Too much planktonic algae may indicate an imbalance, but generally these algae are beneficial. A microscope is needed to examine them in detail.

Identifying Features:

  • Microscopic, can’t see individual algae
  • Float suspended in water column
  • Cause discoloration of water in blooms

[Photo of water sample with microscopic algae]

Blue-Green Algae

Cyanobacteria, commonly called blue-green algae, are potentially toxic bacteria that can form harmful algal blooms. Despite their name, they are not a true algae. Dense blue-green blooms look like thick paint or pea soup on the water’s surface.

Contact with blue-green algae irritates skin and is dangerous if ingested. The bacteria release toxins that deter grazers, leading to die-offs of fish and wildlife. Preventing blue-green algae is critical.

Identifying Features:

  • Blue-green coloration in water
  • Dense surface scum layer
  • Foul, decaying odor
  • May form streaks or dots

[Photo of blue-green algae bloom]


Diatoms are single-celled, encased algae that generate energy through photosynthesis. Their cell walls contain silica, allowing them to readily sink. Diatoms are a key food source in ponds, and also produce oxygen.

During diatom blooms, they turn water golden brown, which is beneficial. After population explosions, dead diatoms accumulate on the bottom into sediment. There are thousands of species.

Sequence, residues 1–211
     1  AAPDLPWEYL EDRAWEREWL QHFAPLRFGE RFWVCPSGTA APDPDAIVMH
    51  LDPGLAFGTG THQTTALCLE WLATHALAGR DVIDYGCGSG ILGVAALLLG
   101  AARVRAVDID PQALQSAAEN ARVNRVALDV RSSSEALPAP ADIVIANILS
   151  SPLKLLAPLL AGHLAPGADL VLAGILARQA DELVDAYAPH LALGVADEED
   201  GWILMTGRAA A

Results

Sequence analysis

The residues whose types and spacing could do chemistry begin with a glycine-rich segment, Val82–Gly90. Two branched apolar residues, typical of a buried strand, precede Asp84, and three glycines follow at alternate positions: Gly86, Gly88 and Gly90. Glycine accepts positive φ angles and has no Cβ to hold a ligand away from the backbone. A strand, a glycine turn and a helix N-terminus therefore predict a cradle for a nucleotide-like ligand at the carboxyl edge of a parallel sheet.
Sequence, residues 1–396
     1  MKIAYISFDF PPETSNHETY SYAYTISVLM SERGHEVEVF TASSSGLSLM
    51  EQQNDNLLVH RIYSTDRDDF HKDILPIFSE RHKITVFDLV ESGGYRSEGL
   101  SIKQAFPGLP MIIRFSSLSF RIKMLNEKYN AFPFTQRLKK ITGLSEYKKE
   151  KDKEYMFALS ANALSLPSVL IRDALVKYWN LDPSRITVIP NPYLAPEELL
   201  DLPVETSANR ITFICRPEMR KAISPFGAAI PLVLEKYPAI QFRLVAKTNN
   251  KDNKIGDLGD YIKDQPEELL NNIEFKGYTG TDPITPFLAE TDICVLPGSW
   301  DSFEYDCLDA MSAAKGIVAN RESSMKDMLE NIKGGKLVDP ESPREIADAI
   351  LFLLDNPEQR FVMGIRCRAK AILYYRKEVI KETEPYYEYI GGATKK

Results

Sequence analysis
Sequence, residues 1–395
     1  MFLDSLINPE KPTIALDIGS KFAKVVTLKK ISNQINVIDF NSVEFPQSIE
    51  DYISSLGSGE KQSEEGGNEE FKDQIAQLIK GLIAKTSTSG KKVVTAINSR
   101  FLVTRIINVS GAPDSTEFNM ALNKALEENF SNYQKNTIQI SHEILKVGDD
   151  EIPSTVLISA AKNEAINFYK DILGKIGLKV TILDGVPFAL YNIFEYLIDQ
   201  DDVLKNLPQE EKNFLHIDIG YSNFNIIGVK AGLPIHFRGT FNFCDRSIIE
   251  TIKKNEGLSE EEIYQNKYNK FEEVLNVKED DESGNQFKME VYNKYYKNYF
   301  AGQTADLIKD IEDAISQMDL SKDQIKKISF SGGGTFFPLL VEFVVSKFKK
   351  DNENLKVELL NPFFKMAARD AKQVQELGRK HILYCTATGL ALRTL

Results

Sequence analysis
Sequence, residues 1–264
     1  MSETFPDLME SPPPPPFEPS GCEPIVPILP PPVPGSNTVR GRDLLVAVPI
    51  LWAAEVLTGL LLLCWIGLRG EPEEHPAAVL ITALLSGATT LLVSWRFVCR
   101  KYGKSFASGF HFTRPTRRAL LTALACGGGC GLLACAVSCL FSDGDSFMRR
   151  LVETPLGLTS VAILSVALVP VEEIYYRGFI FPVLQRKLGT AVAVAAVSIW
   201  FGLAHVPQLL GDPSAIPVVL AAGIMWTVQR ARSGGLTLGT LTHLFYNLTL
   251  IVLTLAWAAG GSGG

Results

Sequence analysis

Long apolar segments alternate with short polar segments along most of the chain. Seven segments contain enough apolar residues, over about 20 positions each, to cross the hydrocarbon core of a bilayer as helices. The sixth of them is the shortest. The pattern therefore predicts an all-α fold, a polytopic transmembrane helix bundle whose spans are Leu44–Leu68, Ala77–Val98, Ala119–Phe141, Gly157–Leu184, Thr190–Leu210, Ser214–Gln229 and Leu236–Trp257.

Identifying Features:

  • Microscopic cells viewable under microscope
  • Golden-brown, sandy coloring in water
  • Settle on bottom after blooms
  • Important food source for animals

[Photo of diatoms under microscope]


Nitella are branched, slimy filamentous green algae that grow underwater attached to sediment, rocks and other surfaces. Their structures resemble aquatic plants with whorls of narrow branching leaves. Nitella provides habitat for small aquatic invertebrates.

Overgrowths can contribute to oxygen depletion as decaying material accumulates. Nitella prefers warmer water temperatures. It is not toxic.

Identifying Features:

  • Complex branching structures reminiscent of plants
  • Attached to pond bottom
  • Green, brownish or grayish coloring
  • Slippery texture

[Photo of nitella algae underwater]

Identifying Harmful Algae

Using this pictorial guide, you can start recognizing different types of pond algae based on visual characteristics and growth habits. Properly identifying algae allows you to take appropriate action to control overgrowth.

Learn to quickly identify potentially toxic blue-green algae by its thick surface blooms and blue-green color. Understanding which algae varieties are beneficial, like diatoms, lets you support the best pond habitat. With practice, you’ll be an algae identification expert in no time!

Green Algae (Chlorophyta)

Green algae is found in many different water types, including salt water and fresh water. Photosynthesis is the process by which green algae, which scientists call an “informal” group, turn sunlight into starch that can then be eaten.

All green algae has a high concentration of chlorophyll A and B. Both compounds are responsible for giving green algae its “green” color. This group of algae can be different shades of green depending on how much chlorophyll and other minerals and nutrients are in the water. In many lakes and ponds, green algae takes on the softer, more natural colors of the plants and animals around it.